Morning after pill

Originally Published: December 21, 1995 - Last Updated / Reviewed On: March 20, 2014
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Dear Alice,

How long after having had sex is the taking of the morning after pill useful?

—Intrigued

Dear Intrigued,

Also known as emergency contraception, the "morning after pill" contains a high dose of hormones (found in daily birth control pills) to prevent pregnancy after sex that has occured when a birth control method failed or was not used. Research suggests that though it is recommended that you take it within 72 hours after sex, it is moderately effective up to 120 hours (or five days) after sex. However, even though it's referred to as the "morning after pill," you don't have to wait for the sun to come up. The sooner it is taken, the more effective it is. Emergency contraception (EC) is not to be confused with RU-486 (mifepristone), a pill that causes medical abortion in pregnant women within 49 days from the first day of their last menstrual period.

There are two forms of hormonal EC, and they may work in several ways: by delaying or inhibiting release of an egg (ovulation), preventing the egg and the sperm from meeting (fertilization), or keeping a fertilized egg from attaching to the uterine wall (implantation). If started within 72 hours of unprotected intercourse, progestin-only EC is more effective (89% efficacy) than combined hormonal pills that contain estrogen and progestin (75% efficacy). Users are also less likely to have nausea and vomiting from taking progestin-only EC than from the combined regimen. The most common form of EC is called Plan B, and it contains progestin as its only hormonal ingredient.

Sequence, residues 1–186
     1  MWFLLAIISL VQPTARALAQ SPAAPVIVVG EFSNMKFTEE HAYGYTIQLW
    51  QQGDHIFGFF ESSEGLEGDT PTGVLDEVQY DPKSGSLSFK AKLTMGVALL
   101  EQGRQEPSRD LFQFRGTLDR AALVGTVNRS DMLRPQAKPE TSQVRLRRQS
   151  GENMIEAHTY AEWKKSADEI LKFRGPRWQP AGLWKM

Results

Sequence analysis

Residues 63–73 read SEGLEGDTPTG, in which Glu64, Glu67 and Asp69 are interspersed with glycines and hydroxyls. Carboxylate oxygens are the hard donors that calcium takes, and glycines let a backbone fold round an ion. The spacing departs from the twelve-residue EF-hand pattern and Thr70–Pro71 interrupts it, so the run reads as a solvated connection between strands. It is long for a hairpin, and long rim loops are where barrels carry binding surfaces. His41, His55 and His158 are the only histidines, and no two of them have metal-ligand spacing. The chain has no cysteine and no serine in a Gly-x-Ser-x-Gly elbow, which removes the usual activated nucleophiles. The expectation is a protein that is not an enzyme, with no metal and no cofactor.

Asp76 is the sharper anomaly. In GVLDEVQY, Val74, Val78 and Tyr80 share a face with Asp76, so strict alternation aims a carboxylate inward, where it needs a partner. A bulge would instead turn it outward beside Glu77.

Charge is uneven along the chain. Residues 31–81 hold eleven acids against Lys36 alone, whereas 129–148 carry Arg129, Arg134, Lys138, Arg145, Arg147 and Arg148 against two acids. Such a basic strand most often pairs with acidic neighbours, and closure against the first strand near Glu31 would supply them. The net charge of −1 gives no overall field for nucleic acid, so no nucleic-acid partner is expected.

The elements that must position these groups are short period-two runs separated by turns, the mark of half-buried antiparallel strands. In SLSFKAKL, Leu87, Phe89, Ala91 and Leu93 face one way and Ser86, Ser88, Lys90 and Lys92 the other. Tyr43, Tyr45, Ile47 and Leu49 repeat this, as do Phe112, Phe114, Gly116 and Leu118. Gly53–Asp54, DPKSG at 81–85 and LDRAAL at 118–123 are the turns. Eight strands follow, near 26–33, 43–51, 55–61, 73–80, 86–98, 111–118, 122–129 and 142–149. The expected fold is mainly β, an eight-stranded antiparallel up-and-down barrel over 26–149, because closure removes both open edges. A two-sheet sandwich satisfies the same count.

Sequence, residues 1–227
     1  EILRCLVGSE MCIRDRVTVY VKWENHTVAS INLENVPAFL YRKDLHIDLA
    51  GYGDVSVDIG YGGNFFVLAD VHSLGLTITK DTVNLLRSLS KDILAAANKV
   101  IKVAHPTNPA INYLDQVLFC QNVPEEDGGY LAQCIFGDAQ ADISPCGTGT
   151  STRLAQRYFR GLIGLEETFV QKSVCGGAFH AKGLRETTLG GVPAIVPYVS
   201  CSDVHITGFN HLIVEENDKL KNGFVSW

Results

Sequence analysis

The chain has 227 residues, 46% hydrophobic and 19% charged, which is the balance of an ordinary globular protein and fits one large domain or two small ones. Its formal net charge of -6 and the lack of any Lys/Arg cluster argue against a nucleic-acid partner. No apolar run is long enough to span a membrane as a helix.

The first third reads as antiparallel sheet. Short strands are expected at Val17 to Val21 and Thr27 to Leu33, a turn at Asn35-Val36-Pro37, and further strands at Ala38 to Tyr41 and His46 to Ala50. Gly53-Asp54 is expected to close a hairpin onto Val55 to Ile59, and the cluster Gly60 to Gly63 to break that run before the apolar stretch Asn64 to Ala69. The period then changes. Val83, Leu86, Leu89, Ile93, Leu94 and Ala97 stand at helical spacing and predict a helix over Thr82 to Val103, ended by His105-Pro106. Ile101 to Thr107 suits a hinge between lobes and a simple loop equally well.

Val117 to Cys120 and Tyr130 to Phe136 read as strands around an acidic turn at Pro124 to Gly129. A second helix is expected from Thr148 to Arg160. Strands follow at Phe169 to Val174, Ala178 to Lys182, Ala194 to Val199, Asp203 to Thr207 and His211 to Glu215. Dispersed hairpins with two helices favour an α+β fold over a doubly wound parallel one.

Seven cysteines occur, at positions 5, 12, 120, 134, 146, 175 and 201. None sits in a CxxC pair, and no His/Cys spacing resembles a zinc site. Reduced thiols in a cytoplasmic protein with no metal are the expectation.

It's normal for some women to have irregular periods or unexpected bleeding after using EC. Women who don't get their periods within three weeks should visit a health care provider. Temporary side effects of using EC may include:

  • headache
  • dizziness
  • cramping and abdominal pain
  • breast tenderness

Plan B One-Step and its generic versions are now being made available on-the-shelf at many pharmacies and drugstores and you don't need a prescription or proof-of-age in order to purchase them. Because it's important to take EC as soon as possible after sex, this is a critical advance. You might consider having some EC on-hand, so that if you need it, you can take it as soon as possible. It's good to note, however, that hormonal EC is not intended to be used as a regular form of birth control.

Knowing that you have options can provide a tremendous sense of security. If you missed the 120-hour window, you can take a pregnancy test. If you're pregnant, talking about your options with a health care provider may help you decide what to do next.

Alice